The publication of a document from the meeting called Philadelphia Resolutions triggered public protests in Boston and Philadelphia. The claim of parliament to tax America, is, in other words, a claim of right to levy contributions on us at pleasure, the Resolutions said. The duty, imposed by parliament upon tea landed in America, is a tax on the Americans, or levying contributions on them, without their consent.

Three weeks later, a similar group met at Faneuil Hall in Boston, and it adopted the Philadelphia Resolutions.

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Why Did The Boston Tea Party Happen

In the 1760s, Britain was deep in debt, so British Parliament imposed a series of taxes on American colonists to help pay those debts.

The Stamp Act of 1765 taxed colonists on virtually every piece of printed paper they used, from playing cards and business licenses to newspapers and legal documents. The Townshend Acts of 1767 went a step further, taxing essentials such as paint, paper, glass, lead and tea.

The British government felt the taxes were fair since much of its debt was earned fighting wars on the colonists behalf. The colonists, however, disagreed. They were furious at being taxed without having any representation in Parliament, and felt it was wrong for Britain to impose taxes on them to gain revenue.

Provisions Of The Act

The Act, which received the on May 10, 1773, contained the following provisions:

  • The Company was eligible to be granted license to export tea to North America.
  • The Company was no longer required to sell its tea at the .
  • Duties on tea destined for North America “and foreign parts” would either be refunded on export or not imposed.
  • Consignees receiving the Company’s tea were required to pay a deposit upon receipt of tea.

Proposals were made that the Townshend tax also be waived, but North opposed this idea, citing the fact that those revenues were used to pay the salaries of crown officials in the colonies.

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Second Boston Tea Party

A second Boston Tea Party took place in March 1774, when around 60 Bostonians boarded the ship Fortune and dumped nearly 30 chests of tea into the harbor.

The event didnt earn nearly as much notoriety as the first Boston Tea Party, but it did encourage other tea-dumping demonstrations in , New York and South Carolina.

How Did The Boston Tea Party Start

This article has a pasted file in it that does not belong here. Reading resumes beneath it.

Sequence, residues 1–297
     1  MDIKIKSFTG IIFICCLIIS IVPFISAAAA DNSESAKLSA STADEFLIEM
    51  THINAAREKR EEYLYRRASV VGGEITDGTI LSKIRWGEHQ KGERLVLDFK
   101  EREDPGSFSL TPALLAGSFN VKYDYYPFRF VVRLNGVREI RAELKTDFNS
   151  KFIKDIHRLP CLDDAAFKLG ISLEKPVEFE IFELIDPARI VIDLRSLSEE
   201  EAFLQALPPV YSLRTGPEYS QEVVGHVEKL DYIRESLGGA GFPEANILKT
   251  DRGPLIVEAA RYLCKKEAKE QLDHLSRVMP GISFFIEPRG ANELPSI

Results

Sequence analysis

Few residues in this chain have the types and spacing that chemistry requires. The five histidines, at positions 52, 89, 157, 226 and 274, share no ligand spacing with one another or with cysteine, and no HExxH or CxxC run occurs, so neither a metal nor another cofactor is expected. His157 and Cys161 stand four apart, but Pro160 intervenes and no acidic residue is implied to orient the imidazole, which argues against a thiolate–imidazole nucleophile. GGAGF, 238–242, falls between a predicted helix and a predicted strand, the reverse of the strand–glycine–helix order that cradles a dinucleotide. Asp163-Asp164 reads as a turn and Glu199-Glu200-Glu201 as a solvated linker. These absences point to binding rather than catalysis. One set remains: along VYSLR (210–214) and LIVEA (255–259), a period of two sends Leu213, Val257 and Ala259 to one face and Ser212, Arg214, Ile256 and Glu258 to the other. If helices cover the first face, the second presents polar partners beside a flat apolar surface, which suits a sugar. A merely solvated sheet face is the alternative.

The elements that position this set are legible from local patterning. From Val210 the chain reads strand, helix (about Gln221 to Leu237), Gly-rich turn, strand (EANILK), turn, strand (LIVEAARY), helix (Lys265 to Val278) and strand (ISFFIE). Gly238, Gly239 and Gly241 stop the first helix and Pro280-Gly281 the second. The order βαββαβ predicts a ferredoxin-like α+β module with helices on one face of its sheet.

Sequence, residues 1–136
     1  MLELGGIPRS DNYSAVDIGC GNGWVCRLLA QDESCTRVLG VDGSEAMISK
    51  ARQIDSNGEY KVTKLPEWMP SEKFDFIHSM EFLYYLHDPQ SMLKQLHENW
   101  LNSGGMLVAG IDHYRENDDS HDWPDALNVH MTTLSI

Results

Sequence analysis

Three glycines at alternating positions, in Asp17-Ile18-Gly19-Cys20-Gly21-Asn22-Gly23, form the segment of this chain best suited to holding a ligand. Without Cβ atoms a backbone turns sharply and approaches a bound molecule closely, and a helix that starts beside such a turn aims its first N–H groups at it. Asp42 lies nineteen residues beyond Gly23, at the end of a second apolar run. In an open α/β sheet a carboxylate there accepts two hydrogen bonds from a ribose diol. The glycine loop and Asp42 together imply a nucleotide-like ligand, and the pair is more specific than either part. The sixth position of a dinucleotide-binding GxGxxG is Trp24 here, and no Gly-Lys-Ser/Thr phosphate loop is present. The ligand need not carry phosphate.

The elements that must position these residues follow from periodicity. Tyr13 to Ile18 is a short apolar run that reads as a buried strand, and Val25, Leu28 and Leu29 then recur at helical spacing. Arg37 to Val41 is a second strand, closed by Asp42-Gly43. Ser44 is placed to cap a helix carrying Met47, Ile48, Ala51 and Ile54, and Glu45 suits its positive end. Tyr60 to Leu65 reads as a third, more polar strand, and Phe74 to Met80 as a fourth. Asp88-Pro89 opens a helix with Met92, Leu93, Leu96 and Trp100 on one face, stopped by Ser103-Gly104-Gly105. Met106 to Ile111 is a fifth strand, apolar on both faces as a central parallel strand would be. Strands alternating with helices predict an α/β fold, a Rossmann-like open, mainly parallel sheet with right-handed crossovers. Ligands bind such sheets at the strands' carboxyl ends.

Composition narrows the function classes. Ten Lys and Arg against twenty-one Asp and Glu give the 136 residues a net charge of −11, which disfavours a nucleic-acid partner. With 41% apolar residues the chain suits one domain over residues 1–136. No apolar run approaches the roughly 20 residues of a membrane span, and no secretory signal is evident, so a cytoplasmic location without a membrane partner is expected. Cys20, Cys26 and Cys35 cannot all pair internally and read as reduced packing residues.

Boston Tea Party

The passage of the Tea Act by the British Parliament gave the East India Company exclusive rights to transport tea to the colonies and empowered it to undercut all of its competitors. The leaders of other major cities in the colonies cancelled their orders in protest, but the governor of the Massachusetts Bay Colony allowed tea to arrive in Boston. In response, several colonists stormed the tea ships and tossed the cargo overboard.

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Colonists Werent Protesting A Higher Tax On Tea

Easily the biggest surprise about the Boston Tea Party is that the uprising wasnt a protest against a new tax hike on tea. Although taxes stoked colonist anger, the Tea Act itself didnt raise the price of tea in the colonies by one red cent .

The confusion is partly timing and partly semantics. Bostons Sons of Liberty were absolutely responding to the British Parliaments passage of the Tea Act of 1773 when they planned the Boston Tea Party. And with a name like the Tea Act, its fair to think that the law was all about raising taxes on tea.

An American colonist reads with concern the royal proclamation of a tax on tea in the colonies as a British soldier stands nearby with rifle and bayonet, Boston, 1767.

The truth is that tea imports to the American Colonies had been taxed by the Crown since the passing of the 1767 Townshend Revenue Act, along with taxes on other commodities like paper, paint, oil and glass. The difference is that all of those other import taxes were lifted in 1770, except for tea, a pointed reminder of the Kings control over his far-off subjects.

Cheaper tea sounds good, says Carp, but for the Sons of Libertymany of whom were merchants and even tea smugglersthe Tea Act smelled like a ploy to get the masses comfortable with paying a tax to the Crown.

Boston Tea Party Aftermath

While some important colonist leaders such as John Adams were thrilled to learn Boston Harbor was covered in tea leaves, others were not.

In June of 1774, George Washington wrote: the cause of Bostonever will be considered as the cause of America. But his personal views of the event were far different. He voiced strong disapproval of their conduct in destroying the Tea and claimed Bostonians were mad. Washington, like many other elites, held private property to be sacrosanct.